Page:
Dr David Bailey and IOTA Pharmaceuticals ‘focused on curing glioblastoma’
PUBLISHED: 23:58 17 July 2018 | UPDATED: 00:03 18 July 2018
Iliffe Media Ltd
Cambridge Biomedical Campus company is part of international WINDOW Consortium working to defeat this deadly brain tumour
It is a highly aggressive form of cancer for which there is no known cure.
Glioblastoma – which claimed the life of Labour peer Dame Tessa Jowell in May – is the most common malignant brain tumour in adults.
Each year, more than 2,500 patients are diagnosed with the disease in the UK and, despite growing knowledge of its genetic causes, the average length of survival is just 12 months with standard treatments.
Dr David Bailey is a man on a mission to do something about it.
He is co-founder of IOTA Pharmaceuticals, based on Cambridge Biomedical Campus.
“We are 100 per cent focused,” he tells the Cambridge Independent. “The goal is not just increased knowledge of disease – IOTA’s objective is to help cure glioblastoma. At the moment, we can’t even give patients the hope of a cure – the end is always the same.
“It cuts off people in the prime of their lives. The window in which we can help each of those affected is terrifyingly short.”
IOTA has just unveiled a new weapon in the battle against this deadly disease. The glioblastoma drug bank is designed to accelerate drug discovery research.
Funded by the Brain Tumour Charity in the UK, the GBM Drug Bank is an open access searchable database.
“The point of the drug bank is to bring together all the compounds that have been tested on glioblastoma and put them in the context of future treatments,” explains Dr Bailey.
“Within the drug bank, we have 500 compounds at the moment that are known to work on different model systems of glioblastoma as well as in clinical trials.
“I think it’s very exciting work. We should be able to extract features of those drugs that enable them to be redesigned – which is what IOTA does – to fit particular clinical situations.
“It links chemical information with biological and looks at the translation of that information into the clinical context.
“It’s a pre-clinical tool primarily but, in the next iteration of the work that we will be doing, we will be comparing drugs going through clinical trials to see how well they perform in various systems of glioblastoma.”
The drug bank, delivered six months ahead of schedule by IOTA, is part of the Dutch-British WINDOW Consortium for glioblastoma drug discovery, named after the short period of time in which patients can be treated. The consortium is being expanded to include other European groups and American researchers as the battle against this intransigent disease steps up.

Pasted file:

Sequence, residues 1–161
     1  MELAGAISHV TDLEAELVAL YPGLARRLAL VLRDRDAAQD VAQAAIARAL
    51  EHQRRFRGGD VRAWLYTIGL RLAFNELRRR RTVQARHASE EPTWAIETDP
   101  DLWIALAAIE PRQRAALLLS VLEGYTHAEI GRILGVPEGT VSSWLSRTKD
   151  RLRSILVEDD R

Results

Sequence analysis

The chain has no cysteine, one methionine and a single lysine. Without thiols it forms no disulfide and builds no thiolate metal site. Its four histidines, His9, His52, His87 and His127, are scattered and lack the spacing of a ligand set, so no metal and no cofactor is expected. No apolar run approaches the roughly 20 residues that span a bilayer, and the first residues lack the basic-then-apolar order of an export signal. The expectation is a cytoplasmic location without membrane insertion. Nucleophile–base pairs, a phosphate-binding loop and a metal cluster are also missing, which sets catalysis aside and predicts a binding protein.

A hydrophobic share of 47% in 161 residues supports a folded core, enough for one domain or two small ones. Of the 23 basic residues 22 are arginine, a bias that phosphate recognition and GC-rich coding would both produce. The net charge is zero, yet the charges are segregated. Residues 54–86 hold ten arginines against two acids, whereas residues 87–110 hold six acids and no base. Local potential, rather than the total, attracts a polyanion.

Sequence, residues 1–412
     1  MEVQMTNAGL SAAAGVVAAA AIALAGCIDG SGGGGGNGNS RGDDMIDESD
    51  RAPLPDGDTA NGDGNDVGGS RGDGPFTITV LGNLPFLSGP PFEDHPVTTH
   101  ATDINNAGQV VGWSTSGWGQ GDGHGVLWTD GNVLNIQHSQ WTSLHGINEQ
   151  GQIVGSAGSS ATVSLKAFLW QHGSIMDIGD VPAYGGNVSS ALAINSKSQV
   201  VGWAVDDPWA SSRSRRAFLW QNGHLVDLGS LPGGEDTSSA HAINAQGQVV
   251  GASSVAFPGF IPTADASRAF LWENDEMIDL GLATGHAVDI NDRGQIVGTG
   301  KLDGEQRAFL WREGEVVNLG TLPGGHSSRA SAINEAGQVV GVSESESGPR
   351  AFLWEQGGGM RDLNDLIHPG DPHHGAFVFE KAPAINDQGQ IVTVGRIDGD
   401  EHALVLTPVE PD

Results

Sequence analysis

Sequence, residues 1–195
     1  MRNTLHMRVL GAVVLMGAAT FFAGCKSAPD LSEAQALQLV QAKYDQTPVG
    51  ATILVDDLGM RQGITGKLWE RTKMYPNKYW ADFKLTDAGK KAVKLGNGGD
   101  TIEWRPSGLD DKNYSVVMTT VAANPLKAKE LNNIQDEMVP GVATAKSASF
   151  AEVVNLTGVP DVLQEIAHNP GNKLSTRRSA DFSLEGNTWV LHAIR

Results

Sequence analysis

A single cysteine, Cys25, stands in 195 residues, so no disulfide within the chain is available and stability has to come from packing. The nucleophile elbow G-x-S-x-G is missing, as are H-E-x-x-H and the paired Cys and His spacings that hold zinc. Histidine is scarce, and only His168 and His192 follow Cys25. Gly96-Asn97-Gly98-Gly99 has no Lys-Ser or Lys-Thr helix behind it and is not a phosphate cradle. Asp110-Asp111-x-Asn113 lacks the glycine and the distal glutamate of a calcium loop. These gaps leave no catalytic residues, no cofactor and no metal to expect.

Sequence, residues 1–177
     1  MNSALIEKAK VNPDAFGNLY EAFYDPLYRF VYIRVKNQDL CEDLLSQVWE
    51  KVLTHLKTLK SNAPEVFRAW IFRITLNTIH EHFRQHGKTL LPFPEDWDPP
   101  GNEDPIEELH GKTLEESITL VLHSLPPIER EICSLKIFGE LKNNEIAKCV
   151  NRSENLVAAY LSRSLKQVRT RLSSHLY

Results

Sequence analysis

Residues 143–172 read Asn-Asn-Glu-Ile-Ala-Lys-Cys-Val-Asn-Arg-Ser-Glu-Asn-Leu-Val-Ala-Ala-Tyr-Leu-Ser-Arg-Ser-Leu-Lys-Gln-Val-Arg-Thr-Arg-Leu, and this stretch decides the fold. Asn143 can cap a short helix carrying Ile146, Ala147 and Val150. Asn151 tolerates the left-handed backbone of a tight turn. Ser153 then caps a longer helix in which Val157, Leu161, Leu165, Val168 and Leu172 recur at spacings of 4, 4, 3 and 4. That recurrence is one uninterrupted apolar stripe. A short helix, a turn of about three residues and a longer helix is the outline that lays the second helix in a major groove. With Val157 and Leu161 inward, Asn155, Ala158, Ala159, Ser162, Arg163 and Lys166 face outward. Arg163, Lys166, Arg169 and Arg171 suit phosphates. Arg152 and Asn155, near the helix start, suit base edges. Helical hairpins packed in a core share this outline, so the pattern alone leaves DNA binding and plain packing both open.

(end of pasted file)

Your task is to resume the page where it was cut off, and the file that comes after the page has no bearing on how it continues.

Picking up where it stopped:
The causes of glioblastoma are not well understood, although the genetic mutations underlying it in some patients may result from high-dose exposure to ionising radiation or the cumulative effect of carcinogens.
Researchers are also exploring the possibility that DNA defects leading to glioblastoma can be inherited.
A key reason why glioblastoma has proved so difficult to treat so far is its diverse nature, or ‘heterogeneity’.
A form of glioma also known as grade IV astrocytoma, four sub-types of glioblastoma have been identified within the last decade,which vary in their genetic abnormalities and clinical characteristics, or ‘phenotypes’.
“It is thought the stem cell populations in the tumour are capable of changing their phenotypes quite quickly, so if you put a constraint on them by giving them a drug, almost like chameleons, they can change their phenotype and evade the drug,” says Dr Bailey.
“The question which scientists are addressing at the moment is exactly how diverse these heterogeneous cells are. A wide variety of other cancers also show heterogeneity, and developing new strategies for countering drug resistance is central to cancer therapy.
“That is one of the areas that we are trying to address within the WINDOW Consortium.
“We have a network of labs looking at combination therapies to address the issue of drug resistance.”
Standard treatments for patients include surgery to remove as much of the glioblastoma as possible. But the tumours feature threadlike tendrils extending into other parts of the brain, which means a combination of radiotherapy over a period of several weeks with rounds of a chemotherapy drug – temozolomide – is needed to target cells that cannot be removed by surgery.
But Dr Bailey says: “If the disease shows extreme heterogeneity then you will need a portfolio of drugs to treat it.
“Combinations of therapies that the WINDOW Consortium are developing can address that because you can use two, three, four or five drugs and you can also change the point at which you administer them.”
Such combinations are showing some encouraging results in trials.